17. looks like hes wreked checo’s race too that was underlying damage that caused that in my opinion

      1. Nick.UK (@)
        26th May 2012, 15:13

        Hardly. The team would not have sent it out on track if they were not happy with it, and why would it break in sector 3 when the kink in the tunnel is the fastest part of the track?

        1. Who says the team knew anything about it? Are damaged components on the cars always immediately apparent? The answer to that question can only be an emphatic NO! Plus, maximum speed alone could never be the only determining factor as to why a suspension or steering component that suffered previously undiscovered damage might fail later on. In my opinion, hard braking from high speed (lots of weight transfer going on there) or being aggressive on the kerbs while the suspension is loaded up from turning in under hard braking (both of which happen immediately after exiting the tunnel, mind you… not to mention the fact that both of these things also happen more than a few times over the course of a full lap of Monaco) would do way more to hasten the demise of a damaged bit of front suspension than going through the tunnel. Again, just my opinion.

          1. i dont belive it was suspension i think the steering rack was damaged he was on full lock and went straight on

  18. I don’t understand why everyone is calling for draconian punishment for someone who is driving with his heart. We need more drivers like Maldonado in F1.

    1. As long as they’re not potentially putting others at serious risk.

    2. Matt (@superf1fan)
      26th May 2012, 14:01

      Drivers willing to put themselves and the other drivers in serious danger due to their own petty actions? Of course we do!

      1. not to mencion the close proximity and lack of protection for marshals and cameramen/photographers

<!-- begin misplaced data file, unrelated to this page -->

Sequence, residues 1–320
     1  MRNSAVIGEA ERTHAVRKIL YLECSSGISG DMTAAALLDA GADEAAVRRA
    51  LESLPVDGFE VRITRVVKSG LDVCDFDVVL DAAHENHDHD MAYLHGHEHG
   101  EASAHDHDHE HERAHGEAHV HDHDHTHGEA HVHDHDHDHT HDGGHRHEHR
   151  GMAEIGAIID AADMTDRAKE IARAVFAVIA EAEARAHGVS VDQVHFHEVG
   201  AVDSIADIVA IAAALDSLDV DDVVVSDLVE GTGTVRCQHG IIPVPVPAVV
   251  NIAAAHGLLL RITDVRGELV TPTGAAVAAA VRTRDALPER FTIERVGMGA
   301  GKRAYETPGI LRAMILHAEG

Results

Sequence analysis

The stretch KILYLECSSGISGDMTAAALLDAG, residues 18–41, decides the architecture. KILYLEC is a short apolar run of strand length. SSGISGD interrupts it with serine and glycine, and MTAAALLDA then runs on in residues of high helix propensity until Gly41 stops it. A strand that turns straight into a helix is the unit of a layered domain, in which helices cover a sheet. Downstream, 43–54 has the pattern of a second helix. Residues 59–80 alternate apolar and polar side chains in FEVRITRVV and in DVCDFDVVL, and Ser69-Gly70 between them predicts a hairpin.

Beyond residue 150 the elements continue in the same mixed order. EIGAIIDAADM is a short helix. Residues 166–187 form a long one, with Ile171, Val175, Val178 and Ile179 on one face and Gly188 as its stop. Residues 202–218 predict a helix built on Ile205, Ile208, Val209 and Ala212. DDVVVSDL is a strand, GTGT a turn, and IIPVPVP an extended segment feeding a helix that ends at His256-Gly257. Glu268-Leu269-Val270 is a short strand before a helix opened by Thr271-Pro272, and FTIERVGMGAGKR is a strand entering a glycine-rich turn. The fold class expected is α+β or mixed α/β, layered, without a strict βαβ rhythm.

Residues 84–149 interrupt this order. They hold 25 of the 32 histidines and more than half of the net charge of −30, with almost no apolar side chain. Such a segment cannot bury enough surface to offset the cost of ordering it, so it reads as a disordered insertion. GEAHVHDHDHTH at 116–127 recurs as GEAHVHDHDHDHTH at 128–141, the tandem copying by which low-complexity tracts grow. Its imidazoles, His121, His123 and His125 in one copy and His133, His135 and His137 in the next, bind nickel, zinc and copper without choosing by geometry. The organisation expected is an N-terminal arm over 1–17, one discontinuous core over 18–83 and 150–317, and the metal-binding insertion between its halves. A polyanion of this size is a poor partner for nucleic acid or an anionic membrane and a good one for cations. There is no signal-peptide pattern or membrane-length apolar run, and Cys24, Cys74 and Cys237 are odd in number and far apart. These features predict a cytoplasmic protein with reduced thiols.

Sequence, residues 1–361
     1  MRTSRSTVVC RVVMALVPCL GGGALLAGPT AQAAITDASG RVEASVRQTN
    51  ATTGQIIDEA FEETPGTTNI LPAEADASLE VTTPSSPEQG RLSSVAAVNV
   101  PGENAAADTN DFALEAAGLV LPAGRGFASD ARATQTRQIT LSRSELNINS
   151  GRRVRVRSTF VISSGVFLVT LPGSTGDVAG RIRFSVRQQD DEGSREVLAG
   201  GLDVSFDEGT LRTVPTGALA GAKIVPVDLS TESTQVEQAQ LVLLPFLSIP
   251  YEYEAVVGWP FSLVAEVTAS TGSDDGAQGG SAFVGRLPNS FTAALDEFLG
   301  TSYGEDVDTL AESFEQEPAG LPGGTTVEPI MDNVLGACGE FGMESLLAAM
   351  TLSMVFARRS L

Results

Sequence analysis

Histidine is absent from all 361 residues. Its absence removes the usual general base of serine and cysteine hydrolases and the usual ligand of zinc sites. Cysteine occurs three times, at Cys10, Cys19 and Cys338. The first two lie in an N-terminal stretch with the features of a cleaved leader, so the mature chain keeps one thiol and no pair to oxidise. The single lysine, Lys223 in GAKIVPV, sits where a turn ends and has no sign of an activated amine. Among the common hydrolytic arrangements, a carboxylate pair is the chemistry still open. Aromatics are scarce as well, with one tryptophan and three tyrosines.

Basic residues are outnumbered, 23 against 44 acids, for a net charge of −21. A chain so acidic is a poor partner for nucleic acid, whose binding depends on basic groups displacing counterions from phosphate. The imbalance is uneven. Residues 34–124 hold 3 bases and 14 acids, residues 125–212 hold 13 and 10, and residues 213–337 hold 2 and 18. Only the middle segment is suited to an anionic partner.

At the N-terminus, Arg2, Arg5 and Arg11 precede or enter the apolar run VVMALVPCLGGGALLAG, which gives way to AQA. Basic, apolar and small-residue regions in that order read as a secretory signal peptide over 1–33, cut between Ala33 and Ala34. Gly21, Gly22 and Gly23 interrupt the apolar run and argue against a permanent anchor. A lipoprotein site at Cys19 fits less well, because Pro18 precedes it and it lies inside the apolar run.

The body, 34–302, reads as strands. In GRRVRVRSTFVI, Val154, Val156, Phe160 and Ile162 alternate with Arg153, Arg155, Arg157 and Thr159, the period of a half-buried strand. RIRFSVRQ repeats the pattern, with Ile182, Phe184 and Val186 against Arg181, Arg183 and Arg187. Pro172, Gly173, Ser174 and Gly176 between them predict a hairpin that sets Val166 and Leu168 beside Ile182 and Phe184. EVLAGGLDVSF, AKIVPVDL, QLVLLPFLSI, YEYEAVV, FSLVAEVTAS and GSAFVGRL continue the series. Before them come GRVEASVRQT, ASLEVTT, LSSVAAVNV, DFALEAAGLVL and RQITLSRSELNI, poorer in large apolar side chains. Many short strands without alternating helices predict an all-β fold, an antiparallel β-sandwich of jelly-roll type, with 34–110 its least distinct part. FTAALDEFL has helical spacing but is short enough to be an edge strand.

1. I fail to see how that has anything to do with it. Yes, Maldonado is at fault, but your arguments are completely irrelevant in that perspective. It is up to the track management to guarantee the safety of staff and spectators, and the drivers can not and are not expected to adjust their driving style by considering the proximity of marshals and/or cameramen who are off track. If a crash on the track – deliberate or not – can threaten someone off track then those someones should not be in that position in the first place.

    3. Who are you, Maldonado’s mother?

      1. Nick.UK (@)
        26th May 2012, 15:14


    4. Driving your heart out has nothing to do with deliberately crushing your car into another.

    5. Driving your heart out is one thing (and personally, I think F1 has many drivers who do that every weekend… Alonso, Hamilton, Kobayashi, Schumi, Kimi, Webber… they all qualify, IMHO. The results aren’t always podiums or points even, but you rarely ever feel like they’ve got out of the car leaving much on the table) but it is a completely different & unacceptable thing to be intentionally causing contact with other drivers even when you feel you’ve got a valid reason to be p’d off. This is the 2nd time Maldonado has done this. It was inexcusable the first time, and I think an example needs to be made of the repeat offender. There should be no question in any of the drivers minds that doing things like that is unacceptable. We can’t blame him for the stewarding inconsistencies though: that blame falls to the FIA, who can’t seem to stick to any serious course of punishment regarding infractions… no consistency with the rulings whatsoever. That’s what I think has a lot of fans everywhere fed up with F1 more than anything else, & is the main reason there are so many conspiracy theories floating around regarding unfair stewarding.

  19. I agree a 10 place grid drop is lenient considering it’s a second offence. But at least, as one might expect, he’s been given a more harsh penalty than he got at Spa last year.

    Maldonado needs to learn how to control himself when things doesn’t go his way. I’m with DC on this one, you simply can’t use your car as a weapon like that when you get ****** off. Totally unacceptable.

    The thing is it’s probably not the last time he’s going to do it either. Clearly it’s not like he gives a crap…

  20. Did anyone watch the post qualifying interview on sky with Maldonado?

    He tried blaming it on cold tyres and oversteer, I wonder if he lied through his teeth when he rammed Hamilton?

    1. He said “It was not on purpose, an accident maybe” Yes Pastor, or maybe it was your temper getting the better of you and smashing into another car which overtook you on a flying lap… what a prat.

Jump to comment page: 1 2

Leave a Reply

Your email address will not be published. Required fields are marked *

All comments are moderated. See the Comment Policy and FAQ for more.